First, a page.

Two Northside ISD science teachers have been selected as 2021 NASA Airborne Astronomy Ambassadors (AAA).
The AAA program is a professional development opportunity for science teachers designed to improve science teaching and learning and increase student STEM engagement. The program, managed by the SETI Institute since its inception in 2011, has partnered with 30 teachers in 10 states this year. It also expanded to include middle school educators for the first time
The Northside ISD participants are:
- Kathleen Kraus, Jefferson Middle School
- Pamela Word, Jay High School
AAA participant teachers receive training in astrophysics and planetary science content. Their training will include a week-long immersion experience at NASA’s science research aircraft facility in Palmdale, California with participation in research flights onboard NASA’s Stratospheric Observatory for Infrared Astronomy (SOFIA).
SOFIA is a highly modified Boeing 747SP airliner that is fitted with a 2.5-meter (100-inch) telescope and uses a suite of seven cameras and spectrographs to study celestial objects at infrared wavelengths. SOFIA operates during 10-hour overnight science missions at altitudes between 39,000 and 45,000 feet (12-14 kilometers), above more than 99 percent of the water vapor in Earth’s atmosphere that blocks infrared light from reaching ground-based observatories.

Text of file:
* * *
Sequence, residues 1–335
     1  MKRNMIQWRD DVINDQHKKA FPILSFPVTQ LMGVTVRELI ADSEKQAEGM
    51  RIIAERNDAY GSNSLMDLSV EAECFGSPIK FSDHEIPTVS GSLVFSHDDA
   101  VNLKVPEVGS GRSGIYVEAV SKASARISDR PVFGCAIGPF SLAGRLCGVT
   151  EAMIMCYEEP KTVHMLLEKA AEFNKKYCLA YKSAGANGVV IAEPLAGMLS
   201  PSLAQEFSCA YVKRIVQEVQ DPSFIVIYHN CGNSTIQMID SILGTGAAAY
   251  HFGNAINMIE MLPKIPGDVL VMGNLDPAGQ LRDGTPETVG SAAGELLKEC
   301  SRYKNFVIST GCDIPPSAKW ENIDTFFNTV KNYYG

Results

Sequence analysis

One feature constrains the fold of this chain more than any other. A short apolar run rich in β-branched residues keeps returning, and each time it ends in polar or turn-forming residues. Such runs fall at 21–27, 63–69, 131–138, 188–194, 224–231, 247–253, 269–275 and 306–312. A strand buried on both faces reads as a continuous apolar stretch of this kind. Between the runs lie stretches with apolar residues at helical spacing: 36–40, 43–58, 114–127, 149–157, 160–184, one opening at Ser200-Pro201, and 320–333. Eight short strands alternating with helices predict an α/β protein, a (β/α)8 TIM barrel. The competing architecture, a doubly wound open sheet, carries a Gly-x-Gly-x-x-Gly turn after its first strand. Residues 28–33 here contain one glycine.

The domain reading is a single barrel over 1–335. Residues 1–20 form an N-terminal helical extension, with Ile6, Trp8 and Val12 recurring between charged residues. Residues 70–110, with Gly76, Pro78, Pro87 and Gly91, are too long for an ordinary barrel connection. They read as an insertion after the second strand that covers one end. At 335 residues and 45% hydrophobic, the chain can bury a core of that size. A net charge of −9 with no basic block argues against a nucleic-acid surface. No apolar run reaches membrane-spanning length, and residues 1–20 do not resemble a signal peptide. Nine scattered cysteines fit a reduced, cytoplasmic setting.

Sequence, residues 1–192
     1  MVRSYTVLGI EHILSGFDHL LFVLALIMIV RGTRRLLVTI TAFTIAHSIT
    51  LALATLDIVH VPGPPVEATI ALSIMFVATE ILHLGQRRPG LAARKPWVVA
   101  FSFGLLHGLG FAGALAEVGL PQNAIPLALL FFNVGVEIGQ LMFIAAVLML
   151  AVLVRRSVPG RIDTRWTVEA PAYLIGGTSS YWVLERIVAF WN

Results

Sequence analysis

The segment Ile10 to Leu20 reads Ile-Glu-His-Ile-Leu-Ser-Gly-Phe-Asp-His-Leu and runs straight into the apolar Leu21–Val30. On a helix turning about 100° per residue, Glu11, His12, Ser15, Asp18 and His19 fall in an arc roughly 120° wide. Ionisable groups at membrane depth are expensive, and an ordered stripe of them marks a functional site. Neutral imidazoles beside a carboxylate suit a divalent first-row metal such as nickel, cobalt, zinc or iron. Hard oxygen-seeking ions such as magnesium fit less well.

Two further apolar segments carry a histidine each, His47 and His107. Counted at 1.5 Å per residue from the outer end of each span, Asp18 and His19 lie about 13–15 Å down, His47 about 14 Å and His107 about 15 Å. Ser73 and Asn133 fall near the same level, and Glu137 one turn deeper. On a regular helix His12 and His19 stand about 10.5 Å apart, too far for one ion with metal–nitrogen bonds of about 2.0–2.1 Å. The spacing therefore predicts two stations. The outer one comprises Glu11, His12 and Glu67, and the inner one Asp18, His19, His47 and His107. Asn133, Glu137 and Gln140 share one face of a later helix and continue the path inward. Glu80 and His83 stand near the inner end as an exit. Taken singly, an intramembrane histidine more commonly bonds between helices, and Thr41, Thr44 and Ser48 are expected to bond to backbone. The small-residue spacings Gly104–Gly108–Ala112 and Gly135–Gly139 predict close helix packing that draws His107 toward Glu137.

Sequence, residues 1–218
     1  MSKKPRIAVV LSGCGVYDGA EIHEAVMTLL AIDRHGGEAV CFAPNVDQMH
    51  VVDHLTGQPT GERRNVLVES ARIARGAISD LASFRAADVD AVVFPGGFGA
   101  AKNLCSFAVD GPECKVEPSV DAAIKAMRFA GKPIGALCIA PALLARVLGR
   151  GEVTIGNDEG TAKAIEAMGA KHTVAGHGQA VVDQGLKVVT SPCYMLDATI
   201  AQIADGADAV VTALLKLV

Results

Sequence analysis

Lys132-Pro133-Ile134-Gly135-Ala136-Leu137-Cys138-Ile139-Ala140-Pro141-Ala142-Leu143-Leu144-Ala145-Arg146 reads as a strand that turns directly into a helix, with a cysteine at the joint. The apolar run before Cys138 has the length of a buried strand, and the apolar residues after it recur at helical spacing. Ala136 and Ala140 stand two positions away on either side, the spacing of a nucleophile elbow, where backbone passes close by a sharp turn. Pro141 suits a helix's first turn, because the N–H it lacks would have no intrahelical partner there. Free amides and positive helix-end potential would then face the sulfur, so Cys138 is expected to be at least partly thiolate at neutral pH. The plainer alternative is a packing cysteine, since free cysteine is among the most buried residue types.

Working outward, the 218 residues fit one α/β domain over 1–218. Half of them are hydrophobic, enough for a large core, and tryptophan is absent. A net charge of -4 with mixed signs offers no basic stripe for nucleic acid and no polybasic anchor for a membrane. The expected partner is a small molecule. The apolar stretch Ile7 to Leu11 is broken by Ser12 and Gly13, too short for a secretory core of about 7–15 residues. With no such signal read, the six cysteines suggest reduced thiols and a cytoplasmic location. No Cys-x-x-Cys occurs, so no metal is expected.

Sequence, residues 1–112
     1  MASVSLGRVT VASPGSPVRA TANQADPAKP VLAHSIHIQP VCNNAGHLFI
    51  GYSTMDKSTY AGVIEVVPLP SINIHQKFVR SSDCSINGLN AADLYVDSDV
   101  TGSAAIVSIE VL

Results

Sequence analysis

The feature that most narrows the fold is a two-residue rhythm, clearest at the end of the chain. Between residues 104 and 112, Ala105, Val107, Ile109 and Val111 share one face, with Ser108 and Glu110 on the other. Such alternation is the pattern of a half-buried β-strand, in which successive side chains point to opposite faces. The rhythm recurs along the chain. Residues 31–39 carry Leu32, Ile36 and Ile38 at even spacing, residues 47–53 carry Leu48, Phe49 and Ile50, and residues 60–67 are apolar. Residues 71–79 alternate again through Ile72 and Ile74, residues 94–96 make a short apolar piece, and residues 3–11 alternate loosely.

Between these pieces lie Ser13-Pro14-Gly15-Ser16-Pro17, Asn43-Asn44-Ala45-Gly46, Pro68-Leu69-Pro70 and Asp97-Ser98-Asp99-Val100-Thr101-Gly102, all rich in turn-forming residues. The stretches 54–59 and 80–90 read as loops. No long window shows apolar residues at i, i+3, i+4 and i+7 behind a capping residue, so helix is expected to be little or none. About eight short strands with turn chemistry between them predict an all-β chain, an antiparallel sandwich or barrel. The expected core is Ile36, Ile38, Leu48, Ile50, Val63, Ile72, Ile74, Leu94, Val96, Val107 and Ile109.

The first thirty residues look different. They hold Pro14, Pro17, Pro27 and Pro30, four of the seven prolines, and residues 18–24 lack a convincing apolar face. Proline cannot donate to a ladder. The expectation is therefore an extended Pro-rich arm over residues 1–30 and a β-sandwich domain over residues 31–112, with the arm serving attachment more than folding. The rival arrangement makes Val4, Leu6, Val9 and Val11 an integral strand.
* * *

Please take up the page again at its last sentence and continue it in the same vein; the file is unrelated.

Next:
After their training, AAAs teach a physical science curriculum module that connects curriculum concepts to NASA- and SOFIA-enabled research.
Kraus, science department coordinator and 8th grade teacher at Jefferson Middle School, has been teaching science for 25 years. She earned a degree in life and earth sciences at UTSA and a master’s in degree curriculum & instruction at Our Lady of the Lake University. “I became a science teacher to help students DO—not just study—science to understand it better and connect it to their lives.” Lately her students have been making connections between NASA’s Mars Perseverance Rover mission and their science course.
Word has been teaching for 16 years and is currently the science department coordinator and a physics teacher at Jay High School. She graduated from Taft High School and then earned a bachelor’s degree in biology at UTSA and a master’s degree in curriculum & instruction at UT-Arlington. “I had been teaching biology for one year when I was told I would be teaching physics, the course that scared me most.” She wasn’t scared very long, though, because she is now teaching AP Physics courses. She says she appreciates the experiments her students do to understand Newton’s 300 year old laws as well as their discussions about black holes. “It’s all physics and there is so much we still don’t know.”